Throwing the birdies in to see them swim,
And how he fought him, till he yielded up
This one, the one remaining of the nest;—
And “O the birdie’s dying!” sobb’d he sore,
“The bonnie birdie’s dying!”—till it died;
And Andrew dug a grave behind the house,
Buried his dead, and cover’d it with earth,
And cut, to mark the grave, a grassy turf
Where blew a bunch of gowans. After that,
I thought and thought, and thick as bees the thoughts
Buzz’d to the whuzzle-whazzling of the loom—
I could make naething of the mannikin!
But by-and-by, when Hope was making hay,                                     43
And web-work rose, I settled it and said
To the good wife, “’Tis plain that yonder lad
Will never take to weaving—and at school
They say he beats the rest at all his tasks
Save figures only: I have settled it:
Andrew shall be a minister—a pride
And comfort to us, Mysie, in our age:
He shall to college in a year or twa
(If fortune smiles as now) at Edinglass.”
You guess the wife open’d her een, cried “Foosh!”
And call’d the plan a silly senseless dream,
A hopeless, useless castle in the air;
But ere the night was out, I talk’d her o’er,
And here she sat, her hands upon her knees,
Glow’ring and heark’ning, as I conjured up,
Amid the fog and reek of Edinglass
Life’s peaceful gloaming and a godly fame.
So it was broach’d, and after many cracks 
With Mister Mucklewraith, we plann’d it a’, 
And day by day we laid a penny by
To give the lad when he should quit the bield.

     And years wore on; and year on year was cheer’d                         44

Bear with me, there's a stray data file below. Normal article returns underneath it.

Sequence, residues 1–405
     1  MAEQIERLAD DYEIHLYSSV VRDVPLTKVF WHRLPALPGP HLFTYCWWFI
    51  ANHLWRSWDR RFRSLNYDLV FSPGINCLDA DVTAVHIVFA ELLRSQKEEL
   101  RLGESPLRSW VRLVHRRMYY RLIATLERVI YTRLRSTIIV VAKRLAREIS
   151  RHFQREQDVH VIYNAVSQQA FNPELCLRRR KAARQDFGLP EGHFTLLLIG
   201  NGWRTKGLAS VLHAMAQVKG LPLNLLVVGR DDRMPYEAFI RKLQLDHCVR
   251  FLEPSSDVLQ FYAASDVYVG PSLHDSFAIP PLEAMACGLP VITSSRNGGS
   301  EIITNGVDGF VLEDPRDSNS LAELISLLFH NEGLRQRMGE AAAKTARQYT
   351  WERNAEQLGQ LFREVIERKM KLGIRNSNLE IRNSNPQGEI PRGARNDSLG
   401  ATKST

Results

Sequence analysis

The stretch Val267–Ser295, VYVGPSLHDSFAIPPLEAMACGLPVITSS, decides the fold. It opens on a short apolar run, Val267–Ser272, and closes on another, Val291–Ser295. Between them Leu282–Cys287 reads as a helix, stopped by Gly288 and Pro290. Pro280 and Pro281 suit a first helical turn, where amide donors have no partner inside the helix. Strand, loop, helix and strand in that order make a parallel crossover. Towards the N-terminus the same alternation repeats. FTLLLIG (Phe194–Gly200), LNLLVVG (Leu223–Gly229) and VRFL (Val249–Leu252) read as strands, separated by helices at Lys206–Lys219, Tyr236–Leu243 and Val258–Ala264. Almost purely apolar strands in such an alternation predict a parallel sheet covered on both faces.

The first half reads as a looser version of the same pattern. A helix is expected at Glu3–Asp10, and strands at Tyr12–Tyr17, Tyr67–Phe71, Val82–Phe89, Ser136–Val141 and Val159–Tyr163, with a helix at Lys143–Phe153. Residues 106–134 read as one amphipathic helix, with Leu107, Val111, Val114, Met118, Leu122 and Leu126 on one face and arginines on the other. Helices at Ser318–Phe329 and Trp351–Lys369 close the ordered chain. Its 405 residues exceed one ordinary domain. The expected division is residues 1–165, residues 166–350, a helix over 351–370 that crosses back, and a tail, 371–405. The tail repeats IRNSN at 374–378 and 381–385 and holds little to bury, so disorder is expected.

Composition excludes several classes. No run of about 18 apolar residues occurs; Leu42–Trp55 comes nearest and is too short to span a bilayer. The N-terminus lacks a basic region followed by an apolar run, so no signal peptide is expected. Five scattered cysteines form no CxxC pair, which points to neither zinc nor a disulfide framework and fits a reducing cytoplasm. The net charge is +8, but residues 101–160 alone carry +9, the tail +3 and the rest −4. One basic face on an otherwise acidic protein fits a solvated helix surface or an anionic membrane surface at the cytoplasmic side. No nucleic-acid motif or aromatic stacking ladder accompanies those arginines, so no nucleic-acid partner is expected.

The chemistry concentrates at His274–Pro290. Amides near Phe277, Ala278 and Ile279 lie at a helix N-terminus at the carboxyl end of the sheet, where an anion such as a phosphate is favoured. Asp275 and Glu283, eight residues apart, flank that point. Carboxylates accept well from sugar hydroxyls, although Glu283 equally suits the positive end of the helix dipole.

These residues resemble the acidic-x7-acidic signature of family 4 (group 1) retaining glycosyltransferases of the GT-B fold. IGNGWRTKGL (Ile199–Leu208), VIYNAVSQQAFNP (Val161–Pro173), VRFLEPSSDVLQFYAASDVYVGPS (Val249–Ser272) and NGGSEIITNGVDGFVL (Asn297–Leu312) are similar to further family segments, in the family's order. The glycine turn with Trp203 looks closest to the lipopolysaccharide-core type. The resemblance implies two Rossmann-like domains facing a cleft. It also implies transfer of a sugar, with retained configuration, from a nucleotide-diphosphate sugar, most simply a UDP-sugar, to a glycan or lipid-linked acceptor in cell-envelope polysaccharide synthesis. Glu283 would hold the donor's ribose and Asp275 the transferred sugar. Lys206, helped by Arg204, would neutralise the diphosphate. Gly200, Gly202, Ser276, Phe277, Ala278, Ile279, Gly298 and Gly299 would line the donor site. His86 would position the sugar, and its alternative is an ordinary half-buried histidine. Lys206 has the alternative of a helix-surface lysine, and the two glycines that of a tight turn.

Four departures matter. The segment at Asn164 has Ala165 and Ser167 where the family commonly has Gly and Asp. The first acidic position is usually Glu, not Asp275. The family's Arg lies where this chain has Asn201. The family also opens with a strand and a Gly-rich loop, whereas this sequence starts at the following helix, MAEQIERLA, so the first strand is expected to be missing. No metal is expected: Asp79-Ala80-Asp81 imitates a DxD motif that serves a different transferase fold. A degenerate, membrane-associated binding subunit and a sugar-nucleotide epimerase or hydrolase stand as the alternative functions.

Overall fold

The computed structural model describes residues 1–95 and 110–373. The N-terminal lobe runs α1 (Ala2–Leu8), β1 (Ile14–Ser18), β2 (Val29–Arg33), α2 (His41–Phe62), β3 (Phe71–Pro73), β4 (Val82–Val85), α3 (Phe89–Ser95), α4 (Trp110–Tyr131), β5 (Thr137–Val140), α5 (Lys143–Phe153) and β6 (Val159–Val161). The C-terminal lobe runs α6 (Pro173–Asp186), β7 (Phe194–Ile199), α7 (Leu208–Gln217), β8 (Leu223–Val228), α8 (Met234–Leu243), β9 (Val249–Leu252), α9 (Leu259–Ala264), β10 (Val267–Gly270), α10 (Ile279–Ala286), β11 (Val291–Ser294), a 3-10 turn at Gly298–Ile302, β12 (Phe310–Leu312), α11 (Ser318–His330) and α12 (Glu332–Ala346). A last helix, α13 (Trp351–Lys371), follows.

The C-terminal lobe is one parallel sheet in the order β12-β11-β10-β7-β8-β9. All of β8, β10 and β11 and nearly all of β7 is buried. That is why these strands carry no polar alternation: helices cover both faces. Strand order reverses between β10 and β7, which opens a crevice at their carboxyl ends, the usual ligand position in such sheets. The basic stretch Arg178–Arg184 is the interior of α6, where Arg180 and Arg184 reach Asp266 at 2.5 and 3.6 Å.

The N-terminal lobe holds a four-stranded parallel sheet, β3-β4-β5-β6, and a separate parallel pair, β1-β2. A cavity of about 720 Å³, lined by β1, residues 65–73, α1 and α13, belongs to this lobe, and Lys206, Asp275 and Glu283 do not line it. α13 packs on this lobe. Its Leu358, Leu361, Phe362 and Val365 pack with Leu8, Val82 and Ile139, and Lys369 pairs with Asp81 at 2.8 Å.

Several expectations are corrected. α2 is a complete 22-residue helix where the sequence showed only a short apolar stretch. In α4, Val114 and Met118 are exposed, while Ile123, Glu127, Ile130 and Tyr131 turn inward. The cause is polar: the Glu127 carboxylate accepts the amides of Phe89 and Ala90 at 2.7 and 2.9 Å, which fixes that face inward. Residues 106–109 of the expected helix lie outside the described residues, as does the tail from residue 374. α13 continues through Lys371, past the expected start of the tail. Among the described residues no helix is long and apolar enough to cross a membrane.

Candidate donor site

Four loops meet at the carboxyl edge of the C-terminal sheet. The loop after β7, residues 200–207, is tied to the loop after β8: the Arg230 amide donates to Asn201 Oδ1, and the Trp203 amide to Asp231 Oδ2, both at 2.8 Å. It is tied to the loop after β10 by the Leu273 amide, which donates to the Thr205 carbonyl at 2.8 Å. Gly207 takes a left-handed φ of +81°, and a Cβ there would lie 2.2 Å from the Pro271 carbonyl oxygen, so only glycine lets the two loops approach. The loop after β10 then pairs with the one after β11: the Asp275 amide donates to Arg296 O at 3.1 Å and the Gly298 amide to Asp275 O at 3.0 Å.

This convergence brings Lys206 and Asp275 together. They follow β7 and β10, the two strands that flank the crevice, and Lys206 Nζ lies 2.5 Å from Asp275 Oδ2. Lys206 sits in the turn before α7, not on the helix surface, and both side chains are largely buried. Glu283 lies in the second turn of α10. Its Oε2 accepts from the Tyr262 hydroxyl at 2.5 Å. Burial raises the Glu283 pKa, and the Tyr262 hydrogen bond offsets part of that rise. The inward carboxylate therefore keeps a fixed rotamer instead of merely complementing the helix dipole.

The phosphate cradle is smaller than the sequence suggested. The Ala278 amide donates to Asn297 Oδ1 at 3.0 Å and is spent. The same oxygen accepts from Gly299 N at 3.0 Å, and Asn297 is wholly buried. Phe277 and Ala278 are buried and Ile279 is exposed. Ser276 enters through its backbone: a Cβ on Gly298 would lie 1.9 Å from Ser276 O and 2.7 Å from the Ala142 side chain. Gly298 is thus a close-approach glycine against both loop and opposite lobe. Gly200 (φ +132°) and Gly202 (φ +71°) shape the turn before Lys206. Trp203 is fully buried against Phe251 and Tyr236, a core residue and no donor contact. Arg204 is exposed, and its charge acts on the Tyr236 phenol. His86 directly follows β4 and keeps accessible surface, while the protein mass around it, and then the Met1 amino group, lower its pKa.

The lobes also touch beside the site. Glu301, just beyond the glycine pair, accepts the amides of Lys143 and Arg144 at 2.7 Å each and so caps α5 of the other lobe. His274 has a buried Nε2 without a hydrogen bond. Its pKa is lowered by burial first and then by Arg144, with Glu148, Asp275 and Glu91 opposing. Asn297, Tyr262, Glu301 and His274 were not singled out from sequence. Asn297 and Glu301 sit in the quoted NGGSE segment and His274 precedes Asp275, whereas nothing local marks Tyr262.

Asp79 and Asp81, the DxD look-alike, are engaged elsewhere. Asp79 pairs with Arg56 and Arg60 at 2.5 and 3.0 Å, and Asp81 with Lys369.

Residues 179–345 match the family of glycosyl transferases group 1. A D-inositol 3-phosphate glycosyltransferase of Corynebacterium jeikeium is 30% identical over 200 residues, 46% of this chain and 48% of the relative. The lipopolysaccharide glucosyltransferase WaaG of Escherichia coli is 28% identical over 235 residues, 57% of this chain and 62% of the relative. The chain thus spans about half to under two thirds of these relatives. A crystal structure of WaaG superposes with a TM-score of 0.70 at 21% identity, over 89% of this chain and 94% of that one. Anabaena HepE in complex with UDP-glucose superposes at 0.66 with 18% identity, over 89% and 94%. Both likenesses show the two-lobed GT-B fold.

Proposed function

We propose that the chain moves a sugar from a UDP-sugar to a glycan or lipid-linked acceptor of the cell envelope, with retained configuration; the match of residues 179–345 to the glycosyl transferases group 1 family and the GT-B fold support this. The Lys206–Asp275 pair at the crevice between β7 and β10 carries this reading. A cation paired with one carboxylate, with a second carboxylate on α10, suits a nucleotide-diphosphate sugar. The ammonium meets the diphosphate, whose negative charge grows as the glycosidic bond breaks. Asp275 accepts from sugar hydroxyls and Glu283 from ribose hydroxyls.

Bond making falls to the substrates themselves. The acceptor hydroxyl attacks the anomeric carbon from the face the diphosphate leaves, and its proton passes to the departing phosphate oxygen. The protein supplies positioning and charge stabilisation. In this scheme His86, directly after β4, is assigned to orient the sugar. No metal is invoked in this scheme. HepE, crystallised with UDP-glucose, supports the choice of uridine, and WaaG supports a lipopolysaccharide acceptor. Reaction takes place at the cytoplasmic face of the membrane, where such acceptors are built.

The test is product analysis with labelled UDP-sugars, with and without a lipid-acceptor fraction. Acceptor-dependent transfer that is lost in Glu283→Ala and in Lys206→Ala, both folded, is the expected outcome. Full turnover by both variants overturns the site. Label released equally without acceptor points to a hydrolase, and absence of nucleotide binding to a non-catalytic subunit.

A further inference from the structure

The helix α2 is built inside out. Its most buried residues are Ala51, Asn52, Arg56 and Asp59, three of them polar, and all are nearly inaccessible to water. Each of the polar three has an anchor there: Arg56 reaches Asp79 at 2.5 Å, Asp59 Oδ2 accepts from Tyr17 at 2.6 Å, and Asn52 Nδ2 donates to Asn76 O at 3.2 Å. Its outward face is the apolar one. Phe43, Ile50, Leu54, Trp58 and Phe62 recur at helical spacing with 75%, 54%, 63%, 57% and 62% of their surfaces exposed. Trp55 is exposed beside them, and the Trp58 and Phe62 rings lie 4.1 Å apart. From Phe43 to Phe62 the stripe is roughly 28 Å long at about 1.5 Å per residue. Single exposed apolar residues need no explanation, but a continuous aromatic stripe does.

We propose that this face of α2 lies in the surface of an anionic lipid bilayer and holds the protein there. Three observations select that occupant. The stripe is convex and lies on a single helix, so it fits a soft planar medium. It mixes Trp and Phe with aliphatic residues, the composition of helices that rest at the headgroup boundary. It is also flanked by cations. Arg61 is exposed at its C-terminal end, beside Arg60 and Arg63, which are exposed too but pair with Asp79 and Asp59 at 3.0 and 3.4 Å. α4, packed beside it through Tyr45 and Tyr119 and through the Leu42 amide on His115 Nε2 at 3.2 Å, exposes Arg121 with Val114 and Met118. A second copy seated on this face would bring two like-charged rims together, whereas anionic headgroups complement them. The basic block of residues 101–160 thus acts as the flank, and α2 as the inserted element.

By thoughts of Andrew, drest in decent black,
Throned in a Pulpit, preaching out the Word,
A house his own, and all the country-side
To touch their bonnets to him. Weel, the lad
Grew up among us, and at seventeen
His hands were genty white, and he was tall,
And slim, and narrow-shoulder’d: pale of face,
Silent, and bashful. Then we first began
To feel how muckle more he knew than we,
To eye his knowledge in a kind of fear,
As folk might look upon a crouching beast,
Bonnie, but like enough to rise and bite.
Up came the cloud between us silly folk
And the young lad that sat among his Books
Amid the silence of the night; and oft
It pain’d us sore to fancy he would learn
Enough to make him look with shame and scorn
On this old dwelling. ’Twas his manner, sir!
He seldom lookt his father in the face,
And when he walkt about the dwelling, seem’d
Like one superior; dumbly he would steal
To the burnside, or into Lintlin Woods,
With some new-farrant book,—and when I peep’d,                           45
Behold a book of jingling-jangling rhyme,
Fine-written nothings on a printed page;
And, press’d between the leaves, a flower perchance,
Anemone or blue Forget-me-not,
Pluckt in the grassy loanin’. Then I peep’d                                          [4:29]
Into his drawer, among his papers there,
And found—you guess?—a heap of idle rhymes,
Big-sounding, like the worthless printed book:
Some in old copies scribbled, some on scraps
Of writing paper, others finely writ
With spirls and flourishes on big white sheets.
I clench’d my teeth, and groan’d. The beauteous dream
Of the good Preacher in his braw black dress,
With house and income snug, began to fade
Before the picture of a drunken loon
Bawling out songs beneath the moon and stars,—
Of poet Willie Clay, who wrote a book